This blog post highlights the International Law encounter at WBNUJS for the undergraduate programme in addition to the incidental confrontations with International Law for students and my reflections of the same.
International Commercial Arbitration
If we are to take decolonization of international legal studies seriously, the production of literature, the history of International Law and especially methods of analysis must be destabilized
This symposium presents two interesting memoirs of African students who have participated in these moots and have chosen paths of graduate studies that are related to international economic law and development studies. Mr Mishael Wambua a student at Strathmore University Law and last year winner and best oralist at the John H. Jackson writes about his experience and advice to future mooters. Ms Purity Maritim a former participant of the same moot and now a masters student at the Graduate Institute in Geneva also writes about her experiences and what she learnt from the moot. The other two contributions are from Mr Christian Campbell the Assistant Director FDI moot and Tsotang Tsietsi lecturer and moot coach from the National University of Lesotho. These two contributions present two interesting perspectives on the many directions that moot court competitions can take for Africa in the near future.
To finalise our International Women’s Day symposium on scholarship by women, this post highlights some women working on International Economic Law (IEL) that the editorial team put together in the last couple of days. This post is therefore by no means intended to be exhaustive. We encourage our readers to add to our list. Next year with more time, we hope to have an even more extensive list of women working in IEL.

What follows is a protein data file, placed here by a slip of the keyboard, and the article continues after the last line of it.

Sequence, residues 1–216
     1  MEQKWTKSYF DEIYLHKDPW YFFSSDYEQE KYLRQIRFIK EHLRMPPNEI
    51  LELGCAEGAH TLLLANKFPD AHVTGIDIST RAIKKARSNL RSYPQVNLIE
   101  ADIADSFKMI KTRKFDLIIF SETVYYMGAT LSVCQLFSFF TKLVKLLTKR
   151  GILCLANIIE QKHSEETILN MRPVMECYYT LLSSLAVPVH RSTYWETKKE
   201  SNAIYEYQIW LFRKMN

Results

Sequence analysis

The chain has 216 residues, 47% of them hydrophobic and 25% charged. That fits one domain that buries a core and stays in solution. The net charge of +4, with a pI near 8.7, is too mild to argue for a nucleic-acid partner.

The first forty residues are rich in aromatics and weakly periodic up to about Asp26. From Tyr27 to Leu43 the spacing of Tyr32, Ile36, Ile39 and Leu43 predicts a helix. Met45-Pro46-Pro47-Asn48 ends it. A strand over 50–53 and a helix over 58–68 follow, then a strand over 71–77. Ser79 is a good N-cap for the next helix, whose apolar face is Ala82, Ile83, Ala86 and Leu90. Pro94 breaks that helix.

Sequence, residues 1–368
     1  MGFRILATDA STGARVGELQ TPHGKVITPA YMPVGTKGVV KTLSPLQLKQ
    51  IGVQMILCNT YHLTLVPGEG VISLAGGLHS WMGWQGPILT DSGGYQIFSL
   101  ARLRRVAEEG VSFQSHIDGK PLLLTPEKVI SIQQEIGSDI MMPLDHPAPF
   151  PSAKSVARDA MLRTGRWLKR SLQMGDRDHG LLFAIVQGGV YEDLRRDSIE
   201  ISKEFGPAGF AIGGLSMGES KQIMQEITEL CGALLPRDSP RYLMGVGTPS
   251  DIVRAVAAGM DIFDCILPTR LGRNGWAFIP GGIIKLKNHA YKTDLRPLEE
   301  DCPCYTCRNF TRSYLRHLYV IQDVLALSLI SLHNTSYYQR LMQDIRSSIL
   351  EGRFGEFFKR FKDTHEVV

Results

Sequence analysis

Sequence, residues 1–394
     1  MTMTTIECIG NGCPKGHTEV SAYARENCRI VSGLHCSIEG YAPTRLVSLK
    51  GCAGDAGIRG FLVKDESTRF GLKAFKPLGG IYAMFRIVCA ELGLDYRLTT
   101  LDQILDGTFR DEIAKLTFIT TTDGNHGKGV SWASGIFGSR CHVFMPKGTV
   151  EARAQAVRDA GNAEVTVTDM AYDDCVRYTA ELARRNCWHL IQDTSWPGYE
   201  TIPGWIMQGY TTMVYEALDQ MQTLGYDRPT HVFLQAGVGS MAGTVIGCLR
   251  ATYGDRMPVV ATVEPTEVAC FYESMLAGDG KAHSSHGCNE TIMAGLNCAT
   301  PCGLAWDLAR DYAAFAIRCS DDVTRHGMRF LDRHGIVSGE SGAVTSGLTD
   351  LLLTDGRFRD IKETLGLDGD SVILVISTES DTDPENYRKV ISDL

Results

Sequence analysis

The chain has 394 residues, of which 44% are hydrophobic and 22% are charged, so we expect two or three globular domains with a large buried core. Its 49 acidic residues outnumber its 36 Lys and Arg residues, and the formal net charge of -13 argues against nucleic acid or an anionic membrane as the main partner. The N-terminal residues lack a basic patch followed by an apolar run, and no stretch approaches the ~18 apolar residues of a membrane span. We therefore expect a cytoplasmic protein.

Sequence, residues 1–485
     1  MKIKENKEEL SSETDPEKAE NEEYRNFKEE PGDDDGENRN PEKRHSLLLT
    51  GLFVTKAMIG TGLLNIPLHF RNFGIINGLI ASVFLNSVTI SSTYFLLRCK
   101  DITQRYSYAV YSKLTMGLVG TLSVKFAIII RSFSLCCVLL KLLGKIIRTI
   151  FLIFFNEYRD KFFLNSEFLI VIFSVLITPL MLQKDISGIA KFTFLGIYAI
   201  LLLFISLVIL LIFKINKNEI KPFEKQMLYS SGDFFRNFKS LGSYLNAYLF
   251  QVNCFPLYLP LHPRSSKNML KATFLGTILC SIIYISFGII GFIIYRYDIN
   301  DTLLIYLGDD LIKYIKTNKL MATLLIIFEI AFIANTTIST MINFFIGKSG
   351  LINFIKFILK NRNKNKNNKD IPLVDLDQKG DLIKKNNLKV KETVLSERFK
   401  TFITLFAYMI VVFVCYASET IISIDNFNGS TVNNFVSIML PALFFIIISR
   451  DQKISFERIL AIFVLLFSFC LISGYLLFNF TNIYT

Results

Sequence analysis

The combination of the Model Law backbone (both for extant and putative law) and the change in direction of judicial policy in favour of enforcement of arbitration agreements and arbitral awards makes Nigeria well suited for the receipt of FDI in Renewal Energy Projects.
Courts in Africa must construe arbitrability through a narrow interpretation of public policy, loyalty to the doctrine of Kompetenz-Kompetenz, and severability in international commercial arbitration. A proactive judicial approach should be based on distinctive arbitration practices that reflect Africa’s socio-economic background as well as contemporary arbitral trends around the world, as this is a viable means to reduce the influence of public policy on questions of arbitrability in Africa.